This Friday, we’re flashing back to this time last year, when the AIR Adventures team took to the trails and mountains of New Zealand, arguably one of the best spots on the planet for trail and mountain running – and Instagram opps, of course.
We were fortunate to have the opportunity to explore many parks and trails during our time on both the North and South islands – which altogether will take several blog entries to cover! This particular entry will focus on our time spent in Mount Aspiring National Park, in the Otago region of the South Island.
At roughly 355,543 hectares in area, Mount Aspiring is the third largest national park in New Zealand, and forms part of Te Wahipounamu – a designated World Heritage site. Part of the reason behind the park’s designation as a World Heritage site is the mind-boggling array of habitat it offers: UNESCO notes that millennia of glacial flows have shaped this region of New Zealand into fjords, rocky coasts, towering cliffs, aquamarine lakes, and waterfalls. This rugged, beautiful landscape is home to several rare, native bird species – including the kea, the world’s only alpine parrot (not to mention a super smart bird), as well as the critically endangered takahe, a large flightless bird.
Our adventure in Mount Aspiring kicked off with an admittedly nail-biting flight into the park on a prop plane roughly the size of a soda can. We may have held our breath the entire ~20 minute flight, but it was ok because the views were breathtaking. Our pilot expertly guided us between snow-capped peaks, pointing out notable landmarks like the Wanaka River, Lake Crucible, and Mount Dreadful during our aerial tour.
After what ended up being an incredibly smooth landing, we packed up and headed off towards our hut in the valley. Like most other national parks in New Zealand, Mt. Aspiring offers huts as refuge for the park’s many ‘trampers’ – NZ terminology for hikers.
Word to the wise: During New Zealand’s summer (Nov – March or April), Mt. Aspiring becomes very popular. Reservations for huts should be made months in advance, to ensure you have space during your trip. Contact the NZ Department of Conservation for information about reservations.
After getting settled in to our hut for the night, we headed out for a trail run through the valley. Our destination was the famous Lake Crucible, so-named due to its bowl-like formation in the midst of two mountain slopes. We started out from the hut, crossing through an alpine valley for the first couple of miles, enjoying epic views of (the ironically named) Mount Dreadful along the way.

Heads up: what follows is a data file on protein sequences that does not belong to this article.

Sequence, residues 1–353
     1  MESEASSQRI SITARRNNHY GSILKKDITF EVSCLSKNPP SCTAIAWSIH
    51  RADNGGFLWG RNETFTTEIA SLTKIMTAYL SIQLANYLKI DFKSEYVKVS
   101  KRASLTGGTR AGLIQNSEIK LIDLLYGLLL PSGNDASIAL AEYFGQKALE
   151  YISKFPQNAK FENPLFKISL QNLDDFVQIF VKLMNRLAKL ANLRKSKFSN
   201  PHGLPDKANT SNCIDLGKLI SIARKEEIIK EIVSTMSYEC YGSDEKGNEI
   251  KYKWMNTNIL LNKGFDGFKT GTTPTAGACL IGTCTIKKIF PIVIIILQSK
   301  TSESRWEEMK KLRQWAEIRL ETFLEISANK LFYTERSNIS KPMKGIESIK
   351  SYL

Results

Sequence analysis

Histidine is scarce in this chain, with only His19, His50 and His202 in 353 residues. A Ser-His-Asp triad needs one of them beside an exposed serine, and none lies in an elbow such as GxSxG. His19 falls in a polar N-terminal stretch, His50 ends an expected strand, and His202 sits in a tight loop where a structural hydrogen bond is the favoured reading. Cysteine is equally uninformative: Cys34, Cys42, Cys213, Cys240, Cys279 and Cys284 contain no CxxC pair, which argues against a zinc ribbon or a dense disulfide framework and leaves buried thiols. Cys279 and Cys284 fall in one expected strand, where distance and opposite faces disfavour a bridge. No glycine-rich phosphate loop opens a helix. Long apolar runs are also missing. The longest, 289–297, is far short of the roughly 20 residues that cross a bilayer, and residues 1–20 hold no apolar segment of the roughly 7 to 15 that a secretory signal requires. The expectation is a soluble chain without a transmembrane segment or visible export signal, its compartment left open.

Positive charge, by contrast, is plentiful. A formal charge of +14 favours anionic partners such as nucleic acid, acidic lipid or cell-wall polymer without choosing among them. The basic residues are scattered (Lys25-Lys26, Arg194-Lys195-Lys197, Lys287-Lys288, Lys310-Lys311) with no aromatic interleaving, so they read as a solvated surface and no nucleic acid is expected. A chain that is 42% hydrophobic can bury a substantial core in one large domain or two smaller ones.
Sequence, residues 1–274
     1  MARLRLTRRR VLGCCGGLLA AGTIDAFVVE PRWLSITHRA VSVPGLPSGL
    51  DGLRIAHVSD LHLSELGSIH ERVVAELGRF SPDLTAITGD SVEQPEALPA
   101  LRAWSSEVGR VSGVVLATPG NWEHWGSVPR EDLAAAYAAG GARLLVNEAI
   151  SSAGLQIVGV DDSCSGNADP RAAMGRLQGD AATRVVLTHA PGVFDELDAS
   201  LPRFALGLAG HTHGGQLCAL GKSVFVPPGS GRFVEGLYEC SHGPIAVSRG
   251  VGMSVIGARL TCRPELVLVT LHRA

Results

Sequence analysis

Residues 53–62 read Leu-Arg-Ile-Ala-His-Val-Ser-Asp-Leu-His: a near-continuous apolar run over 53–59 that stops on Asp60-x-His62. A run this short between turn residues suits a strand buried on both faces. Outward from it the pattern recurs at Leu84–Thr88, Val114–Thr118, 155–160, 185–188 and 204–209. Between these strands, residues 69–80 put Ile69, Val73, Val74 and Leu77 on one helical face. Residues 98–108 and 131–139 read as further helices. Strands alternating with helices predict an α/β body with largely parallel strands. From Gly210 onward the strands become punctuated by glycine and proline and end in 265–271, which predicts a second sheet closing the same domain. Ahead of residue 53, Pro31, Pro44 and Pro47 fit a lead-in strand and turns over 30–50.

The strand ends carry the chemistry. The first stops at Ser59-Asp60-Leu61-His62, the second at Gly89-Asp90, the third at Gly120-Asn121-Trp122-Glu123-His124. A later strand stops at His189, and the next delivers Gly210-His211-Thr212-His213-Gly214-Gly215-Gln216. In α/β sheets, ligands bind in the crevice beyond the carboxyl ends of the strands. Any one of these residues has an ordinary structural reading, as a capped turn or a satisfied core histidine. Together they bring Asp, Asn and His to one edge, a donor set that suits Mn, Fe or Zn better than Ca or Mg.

From our jaunt in the valley, we took a sharp left to head up Crucible Track. This trail followed a cascading waterfall up the side of a mountain – and required a fair bit of hiking and scrambling to get up.
After making our way up the steep and wooded trail, we were happy to emerge into Crucible Valley, where at last we were able to glimpse the famous lake. Getting *up* to the lake itself required another steep climb up the side of the mountain – so make sure you’re wearing a solid pair of your favorite trail running/hiking shoes with excellent tread, before attempting this trek!
At the top of this last climb, we were greeted with the sight of a pristine, aquamarine lake, punctuated by small islands of melting glacier. Yellow and white flowers – harbingers of the brief summer that visits the valley – dotted the water’s edge. The water itself was clean and clear – fresh off the melt of the glacial streams that feed the lake. We were able to refill our water bottles straight from one of these streams – so we were all set for our return trip back to the hut!
All told, our run to and from the lake was ~10 miles round-trip from the hut, with close to 2,000 feet of elevation gain. Check out our mapped route here.
Interested in visiting? There are several ways to get there. You can either take a plane from the nearby town of Wanaka (as we did), or travel up the Wanaka River by boat. There are also shuttle services to various hiking tracks (trails) in the park.
Fee? Permits and reservations are required to visit the park. Check the NZ Department of Conservation website for details. Dogs? No – due to the many threatened bird species in the area. Instagram photos? Yes please.
While Mount Aspiring offers much, both in terms of habitat for rare species, as well as a playground for outdoor lovers, its future is uncertain: the park has been subject to several development proposals over the years, the most recent of which is an alleged proposal to open the park to mining (the NZ government has denied this ). Conservationists argue that any development within the park – whether to build a tunnel to allow easier access to Milford Sound, or mining – would adversely affect the park habitat and wildlife, and also negatively impact ecotourism.
Thanks for reading, and happy trails!